In an increasingly competitive world economy, America’s economic strength depends upon the education and skills of its workers. In the coming years, jobs requiring at least an associate degree are projected to grow twice as fast as those requiring no college experience. And over the next decade, nearly 8 in 10 new jobs will require higher education and workforce training.
As the largest part of the nation’s higher education system, community colleges enroll more than 12 million students and are growing rapidly. They feature affordable tuition, open admission policies, flexible course schedules, and convenient locations, and they are good for anyone whether you are a high school graduate wanting to do a degree program or just do vocation training or you are a mid to senior level working, or an aged person needing remedial classes. Community colleges also work with businesses, industry, labor, and government to create tailored training programs to meet economic needs like nursing, health information technology, advanced manufacturing, and green jobs.(Source White House Summit on Community Colleges 2010)
Why Community Colleges are so important in higher education system?
- Community colleges are well-suited to address the lack of well-trained, skilled and certified workers across the country.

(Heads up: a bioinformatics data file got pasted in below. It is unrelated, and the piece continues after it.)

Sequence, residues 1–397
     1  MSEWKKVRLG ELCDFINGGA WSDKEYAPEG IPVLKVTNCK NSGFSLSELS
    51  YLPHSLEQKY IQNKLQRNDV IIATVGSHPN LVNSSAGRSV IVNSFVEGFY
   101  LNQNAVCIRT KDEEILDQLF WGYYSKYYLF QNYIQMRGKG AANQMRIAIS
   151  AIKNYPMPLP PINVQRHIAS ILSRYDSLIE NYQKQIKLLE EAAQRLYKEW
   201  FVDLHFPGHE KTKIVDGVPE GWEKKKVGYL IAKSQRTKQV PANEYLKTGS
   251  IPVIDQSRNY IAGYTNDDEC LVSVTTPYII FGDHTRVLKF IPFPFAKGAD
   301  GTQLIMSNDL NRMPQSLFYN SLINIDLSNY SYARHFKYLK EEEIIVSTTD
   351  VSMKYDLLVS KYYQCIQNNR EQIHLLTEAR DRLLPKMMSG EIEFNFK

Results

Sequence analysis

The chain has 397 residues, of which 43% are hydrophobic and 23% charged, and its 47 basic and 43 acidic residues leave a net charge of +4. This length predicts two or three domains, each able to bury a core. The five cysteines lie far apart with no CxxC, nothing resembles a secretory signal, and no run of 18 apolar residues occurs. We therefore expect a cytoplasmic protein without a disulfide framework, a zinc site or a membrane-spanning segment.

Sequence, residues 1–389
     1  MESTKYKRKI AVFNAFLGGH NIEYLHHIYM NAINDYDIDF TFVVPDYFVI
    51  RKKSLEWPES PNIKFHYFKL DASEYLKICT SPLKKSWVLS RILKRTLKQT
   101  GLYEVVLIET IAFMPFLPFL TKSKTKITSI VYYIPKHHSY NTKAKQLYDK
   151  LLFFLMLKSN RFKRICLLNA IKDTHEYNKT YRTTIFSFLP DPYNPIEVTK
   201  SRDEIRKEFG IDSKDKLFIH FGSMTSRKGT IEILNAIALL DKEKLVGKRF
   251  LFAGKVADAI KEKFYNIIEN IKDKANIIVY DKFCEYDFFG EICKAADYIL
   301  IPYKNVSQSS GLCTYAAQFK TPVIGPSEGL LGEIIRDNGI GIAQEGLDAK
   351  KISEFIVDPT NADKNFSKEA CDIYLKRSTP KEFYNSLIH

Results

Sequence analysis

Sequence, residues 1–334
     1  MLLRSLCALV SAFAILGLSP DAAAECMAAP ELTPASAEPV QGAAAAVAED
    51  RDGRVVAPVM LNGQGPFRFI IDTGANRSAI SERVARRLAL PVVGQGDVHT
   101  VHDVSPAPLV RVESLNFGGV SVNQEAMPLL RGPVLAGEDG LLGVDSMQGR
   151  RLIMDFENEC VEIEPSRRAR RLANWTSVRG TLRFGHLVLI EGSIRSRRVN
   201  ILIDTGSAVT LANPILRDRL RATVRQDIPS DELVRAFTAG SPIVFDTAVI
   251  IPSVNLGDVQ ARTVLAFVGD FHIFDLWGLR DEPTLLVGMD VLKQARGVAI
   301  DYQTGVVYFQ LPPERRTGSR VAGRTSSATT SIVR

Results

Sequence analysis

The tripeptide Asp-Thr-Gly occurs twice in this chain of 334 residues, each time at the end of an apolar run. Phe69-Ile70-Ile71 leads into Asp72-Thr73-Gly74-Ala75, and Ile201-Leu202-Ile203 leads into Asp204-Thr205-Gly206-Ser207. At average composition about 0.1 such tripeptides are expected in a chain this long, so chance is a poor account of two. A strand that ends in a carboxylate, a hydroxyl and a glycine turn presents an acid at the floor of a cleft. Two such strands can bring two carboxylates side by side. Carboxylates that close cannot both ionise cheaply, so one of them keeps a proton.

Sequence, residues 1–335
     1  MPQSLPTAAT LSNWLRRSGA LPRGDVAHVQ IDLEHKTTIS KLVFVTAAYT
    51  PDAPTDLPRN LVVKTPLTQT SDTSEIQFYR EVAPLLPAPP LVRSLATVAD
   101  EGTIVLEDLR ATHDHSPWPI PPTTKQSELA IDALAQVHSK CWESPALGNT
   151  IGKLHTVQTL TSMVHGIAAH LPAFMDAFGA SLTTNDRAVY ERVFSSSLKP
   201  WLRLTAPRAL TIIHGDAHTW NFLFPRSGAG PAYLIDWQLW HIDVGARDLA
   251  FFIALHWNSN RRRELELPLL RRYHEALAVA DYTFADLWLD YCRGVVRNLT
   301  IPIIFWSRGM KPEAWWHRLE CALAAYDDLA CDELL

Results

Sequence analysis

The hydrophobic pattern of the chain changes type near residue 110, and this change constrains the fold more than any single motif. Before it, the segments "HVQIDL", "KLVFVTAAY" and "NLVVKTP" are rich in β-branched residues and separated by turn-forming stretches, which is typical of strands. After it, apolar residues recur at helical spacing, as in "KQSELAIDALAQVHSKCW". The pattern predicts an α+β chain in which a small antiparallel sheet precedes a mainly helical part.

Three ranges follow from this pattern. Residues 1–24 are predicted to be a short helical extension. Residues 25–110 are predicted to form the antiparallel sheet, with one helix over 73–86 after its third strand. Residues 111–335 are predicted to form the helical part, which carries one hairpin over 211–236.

- Community colleges are located in all 50 states and the District of Columbia. Regardless of their location, businesses can find a community college partner nearby to help them with their job training needs.
- In many cases, community colleges are more flexible than other educational institutions in changing their class offerings, class times and even class locations to meet the needs of local employers and workforce.
- Community colleges generally have open admissions. The overwhelming majority of potential workers are eligible to take classes at community colleges.
- While many community college students enroll with the intention of eventually obtaining a degree from a four-year institution, many students in fact never intend to go beyond an associate’s degree. Some students only seek to get a certification or credential for professional purposes. Some students only seek to take a class or two to enhance their skills, knowledge or training.
There are 1,167 regionally accredited, primarily associate degree granting community colleges across the country. Most of the 1,167 schools are public (993), though some are independent (143) and some are tribal colleges (31). American Association of Community Colleges database 2011)Community colleges vary greatly in size. Some schools are as small as 1,000 students. Other schools serve more than 100,000 students. More than 174,000 students attend the eight campuses of Miami Dade College, which is not only the largest community college in the United States, but also the largest institution of higher education in the nation.
Nearly 12 million students are enrolled in America’s community colleges. These students make up 44 percent of all undergraduates. (National Center for Education Statistics – 2010) Two-thirds of community college students attend part-time. Minorities comprise forty-five percent of students. The average age of community college students is 28, and more than half are already employed. Simply put, they are a core part of our current and future workforce.